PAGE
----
The Most Hated Merger in America

Customers, companies, and even regulators mistrust Comcast. No wonder its deal to buy Time Warner Cable fell apart.

Comcast was voted “Worst Company in America” in 2014; Time Warner Cable was a close runner-up. 

Photo illustration by Slate. Photo by Tyler Olson/Shutterstock.

The Comcast–Time Warner Cable deal is dead. The official announcement came on Friday, but over the last week it had become increasingly clear that regulators were unlikely to let the merger go through, with first the Department of Justice and then the Federal Communications Commission appearing ready to recommend measures that would significantly impede if not block the transaction altogether.

“Today, we move on,” Comcast CEO Brian Roberts said in a statement. “Of course, we would have liked to bring our great products to new cities, but we structured this deal so that if the government didn’t agree, we could walk away.”

Comcast’s decision spells the end of a deal that would have combined the two biggest cable operators in the U.S. to create an Internet and cable behemoth. Together, Comcast and Time Warner would have served approximately 30 million customers and controlled roughly 57 percent of the market for broadband and 30 percent of the market for pay TV. Merging with Time Warner Cable would also have handed Comcast the keys to New York and Los Angeles—two massive markets that it didn’t already control. After 14 months of planning and lobbying by the telecom giants, the conclusion felt abrupt. But considering how almost universally Comcast is disliked—by consumers, other companies, and apparently regulators—it’s also not terribly surprising.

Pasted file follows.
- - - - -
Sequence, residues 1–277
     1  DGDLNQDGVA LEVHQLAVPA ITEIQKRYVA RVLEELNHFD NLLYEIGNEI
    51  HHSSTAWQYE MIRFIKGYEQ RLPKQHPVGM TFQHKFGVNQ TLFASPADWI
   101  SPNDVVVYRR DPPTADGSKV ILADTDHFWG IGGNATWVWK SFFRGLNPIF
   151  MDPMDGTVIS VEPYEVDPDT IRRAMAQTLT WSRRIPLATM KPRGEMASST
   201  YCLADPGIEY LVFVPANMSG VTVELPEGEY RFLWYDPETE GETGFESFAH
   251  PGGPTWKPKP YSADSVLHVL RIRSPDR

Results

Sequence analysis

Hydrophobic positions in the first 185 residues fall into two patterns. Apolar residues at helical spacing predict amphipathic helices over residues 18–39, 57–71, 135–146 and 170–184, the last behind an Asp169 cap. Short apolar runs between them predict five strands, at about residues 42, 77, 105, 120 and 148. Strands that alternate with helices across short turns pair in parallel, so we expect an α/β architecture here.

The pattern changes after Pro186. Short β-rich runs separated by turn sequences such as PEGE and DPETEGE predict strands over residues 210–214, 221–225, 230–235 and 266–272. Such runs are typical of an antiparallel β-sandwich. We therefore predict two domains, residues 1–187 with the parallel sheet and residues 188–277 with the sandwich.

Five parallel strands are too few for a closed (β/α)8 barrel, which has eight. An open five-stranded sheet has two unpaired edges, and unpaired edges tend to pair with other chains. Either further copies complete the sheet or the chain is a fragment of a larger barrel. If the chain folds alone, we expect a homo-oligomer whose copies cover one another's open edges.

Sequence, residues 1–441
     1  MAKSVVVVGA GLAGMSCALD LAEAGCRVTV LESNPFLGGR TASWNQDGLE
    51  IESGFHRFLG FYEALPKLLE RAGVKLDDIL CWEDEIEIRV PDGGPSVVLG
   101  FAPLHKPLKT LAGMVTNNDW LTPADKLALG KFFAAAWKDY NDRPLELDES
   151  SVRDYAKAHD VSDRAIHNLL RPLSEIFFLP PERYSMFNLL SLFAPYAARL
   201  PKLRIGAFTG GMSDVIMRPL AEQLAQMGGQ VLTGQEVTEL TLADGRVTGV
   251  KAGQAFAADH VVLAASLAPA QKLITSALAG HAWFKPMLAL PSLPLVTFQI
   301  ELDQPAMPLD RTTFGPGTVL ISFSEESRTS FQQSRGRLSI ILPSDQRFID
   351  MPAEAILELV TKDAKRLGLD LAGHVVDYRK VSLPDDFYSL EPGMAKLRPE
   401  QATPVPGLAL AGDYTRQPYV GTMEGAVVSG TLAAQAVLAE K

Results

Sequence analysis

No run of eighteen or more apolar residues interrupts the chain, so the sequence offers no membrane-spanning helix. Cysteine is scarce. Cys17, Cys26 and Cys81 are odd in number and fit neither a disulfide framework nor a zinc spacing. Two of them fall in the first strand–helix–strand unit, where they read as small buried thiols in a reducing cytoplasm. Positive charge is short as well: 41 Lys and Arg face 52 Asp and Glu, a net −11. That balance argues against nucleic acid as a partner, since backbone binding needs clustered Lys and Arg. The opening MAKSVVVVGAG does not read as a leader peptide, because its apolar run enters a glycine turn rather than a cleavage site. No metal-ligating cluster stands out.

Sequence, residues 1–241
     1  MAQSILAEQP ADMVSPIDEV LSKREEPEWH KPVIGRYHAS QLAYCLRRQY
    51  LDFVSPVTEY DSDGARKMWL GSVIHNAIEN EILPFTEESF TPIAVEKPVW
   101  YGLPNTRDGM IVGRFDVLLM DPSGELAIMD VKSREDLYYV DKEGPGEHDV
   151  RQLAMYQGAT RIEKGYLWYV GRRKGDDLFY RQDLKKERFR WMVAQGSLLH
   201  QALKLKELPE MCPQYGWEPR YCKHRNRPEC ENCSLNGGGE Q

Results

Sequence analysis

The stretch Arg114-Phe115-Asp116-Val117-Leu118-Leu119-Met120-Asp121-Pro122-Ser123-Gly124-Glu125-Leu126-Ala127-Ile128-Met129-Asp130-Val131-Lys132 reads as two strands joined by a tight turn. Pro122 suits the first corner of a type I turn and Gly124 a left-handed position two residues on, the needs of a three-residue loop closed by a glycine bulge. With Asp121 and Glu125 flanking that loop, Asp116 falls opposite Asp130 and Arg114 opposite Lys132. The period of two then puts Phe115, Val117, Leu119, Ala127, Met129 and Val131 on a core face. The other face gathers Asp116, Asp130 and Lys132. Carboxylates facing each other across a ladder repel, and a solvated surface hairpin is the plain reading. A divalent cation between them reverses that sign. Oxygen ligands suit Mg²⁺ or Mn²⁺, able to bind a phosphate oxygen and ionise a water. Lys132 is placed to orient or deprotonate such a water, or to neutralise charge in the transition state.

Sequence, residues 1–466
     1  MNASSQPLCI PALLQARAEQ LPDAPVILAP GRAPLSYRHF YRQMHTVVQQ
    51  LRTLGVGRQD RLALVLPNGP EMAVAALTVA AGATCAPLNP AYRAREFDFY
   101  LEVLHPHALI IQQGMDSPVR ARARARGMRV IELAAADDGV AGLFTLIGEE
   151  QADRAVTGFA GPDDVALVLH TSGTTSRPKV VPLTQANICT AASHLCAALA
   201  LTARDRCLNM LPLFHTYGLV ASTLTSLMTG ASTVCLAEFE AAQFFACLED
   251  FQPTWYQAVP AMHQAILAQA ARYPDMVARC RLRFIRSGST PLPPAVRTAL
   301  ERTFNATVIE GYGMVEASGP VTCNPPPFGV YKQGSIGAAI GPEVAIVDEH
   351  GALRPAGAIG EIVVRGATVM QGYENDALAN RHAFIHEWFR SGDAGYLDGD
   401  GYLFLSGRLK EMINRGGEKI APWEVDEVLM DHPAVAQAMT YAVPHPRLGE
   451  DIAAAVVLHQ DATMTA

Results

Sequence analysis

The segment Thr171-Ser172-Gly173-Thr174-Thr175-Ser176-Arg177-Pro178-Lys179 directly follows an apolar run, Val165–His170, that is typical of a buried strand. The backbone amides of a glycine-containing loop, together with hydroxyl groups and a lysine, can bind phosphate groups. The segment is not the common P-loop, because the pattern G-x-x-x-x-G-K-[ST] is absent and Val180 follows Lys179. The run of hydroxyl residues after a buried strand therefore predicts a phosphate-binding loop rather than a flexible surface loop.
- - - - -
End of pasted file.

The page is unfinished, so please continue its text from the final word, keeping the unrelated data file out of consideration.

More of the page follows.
Comcast, you might recall, was voted “Worst Company in America” in 2014. Time Warner Cable was a close runner-up. Comcast had captured the worst-company title once before, in 2010, but last year it seemed intent on outdoing itself. In July, there was the harrowing 18-minute call between a Comcast company rep and Ryan Block, a tech journalist trying to disconnect his service. Then the company’s absurdly detailed manual for “retention specialists”—the people who are tasked with keeping customers in Comcast’s network—leaked to the press. On top of that, in October reports surfaced that Comcast had successfully gotten a man fired from his job for complaining about its service.

These moments may have felt extreme and viral-ready, but they were also symptomatic of an industry with a huge customer service problem. Despite the fact that cable keeps getting more expensive, the support offered by America’s biggest providers has remained inexplicably bad. When you’re suffering through the Comcast hotline’s droning elevator music, or dealing with the third consecutive company rep who can’t or won’t resolve a broadband problem, it’s easy to feel like cable subscribers have no real recourse. But now that Comcast’s attempted merger has imploded, for once it seems possible that all those aggravated consumers really did matter. To loosely paraphrase Faulkner, the fate of the Comcast–Time Warner Cable deal became the sum of our customer service misfortunes.